Our Top Ten Tips for Summer Safety
Summer is the perfect time to get out and about with your animals - but without your care and attention the warmer weather could spell danger for your pets.
Heatstroke, sunburn and dehydration - yes, animals can suffer from all these things too.
Here are our top 10 tips for happy, healthy pets in the sunshine:
- Always ensure that your pet has access to shade so they can escape the sun and heat. Where possible ensure that there is good air flow through this area.
- Even with the windows open, on a warm day a dog can die in a hot car in under 20 minutes! Always find an alternative to leaving any animal in the car. If you see an animal in a car on a warm day call the RSPCA 24 hour national cruelty and advice line on 0300 1234 999 or the police on 999.
- Apply high factor suncream to exposed areas including cat ear flaps and horse muzzles. Talk to your vet about suitable suncare for your pet.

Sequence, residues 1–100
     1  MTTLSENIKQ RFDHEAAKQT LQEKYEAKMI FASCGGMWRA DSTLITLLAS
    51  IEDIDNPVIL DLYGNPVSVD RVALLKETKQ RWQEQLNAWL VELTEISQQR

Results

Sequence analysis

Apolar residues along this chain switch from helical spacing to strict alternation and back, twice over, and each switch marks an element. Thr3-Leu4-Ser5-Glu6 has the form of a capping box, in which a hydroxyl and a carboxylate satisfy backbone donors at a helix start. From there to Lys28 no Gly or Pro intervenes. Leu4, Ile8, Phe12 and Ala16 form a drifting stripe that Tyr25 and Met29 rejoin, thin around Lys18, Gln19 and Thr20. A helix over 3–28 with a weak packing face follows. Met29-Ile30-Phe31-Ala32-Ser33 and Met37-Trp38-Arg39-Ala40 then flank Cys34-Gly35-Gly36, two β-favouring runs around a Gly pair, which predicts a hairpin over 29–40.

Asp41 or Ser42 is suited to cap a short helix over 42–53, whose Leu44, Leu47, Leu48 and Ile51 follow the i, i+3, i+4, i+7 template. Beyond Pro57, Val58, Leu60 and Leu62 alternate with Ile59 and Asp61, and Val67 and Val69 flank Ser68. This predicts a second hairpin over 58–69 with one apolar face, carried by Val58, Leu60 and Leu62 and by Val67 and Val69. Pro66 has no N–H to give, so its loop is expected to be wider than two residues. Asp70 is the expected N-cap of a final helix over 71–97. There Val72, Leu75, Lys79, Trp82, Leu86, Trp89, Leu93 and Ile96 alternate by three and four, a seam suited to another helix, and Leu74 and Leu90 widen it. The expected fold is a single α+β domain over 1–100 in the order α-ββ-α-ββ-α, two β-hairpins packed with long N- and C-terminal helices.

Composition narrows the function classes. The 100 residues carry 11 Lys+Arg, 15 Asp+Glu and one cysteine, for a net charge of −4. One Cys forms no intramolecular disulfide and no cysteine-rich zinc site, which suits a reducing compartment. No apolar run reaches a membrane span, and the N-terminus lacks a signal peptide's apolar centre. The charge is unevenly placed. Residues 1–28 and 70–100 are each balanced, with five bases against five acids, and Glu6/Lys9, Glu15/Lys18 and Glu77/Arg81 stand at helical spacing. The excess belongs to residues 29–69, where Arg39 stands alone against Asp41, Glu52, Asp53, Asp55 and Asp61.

- Groom your pet regularly to get rid of any excess hair. Clip long coats to ensure they remain cool.
- Flies can be a real problem in summer months. Change wet food and litter trays regularly to avoid flies and check your pet regularly for signs of fly strike. See our website for more information. Use a fly rug on your horse to avoid any irritation.
- Always ensure your pet has access to water in various areas around the house and that it is regularly changed.
- Avoid walking or exercising your pet in the hottest point of the day (12.00 – 2.00pm).
- Use a lick for horses to help replace the nutrients lost through sweating in the field.
- If your horse is turned out all day, ensure there is plenty of shade or try swapping your schedule so they are turned out overnight instead.
- Put a sturdy paddling pool in the corner of your garden for your dog to have a paddle. Make sure it’s made of a material that can’t be easily ripped by claws.
Keep a watchful eye on your pet. Look out for signs of heatstroke which include: heavy panting, red gums and tongue, lethargy, lack of coordination, collapse, vomiting and diarrhoea.
Always contact your vet if you’re concerned about your pet’s health.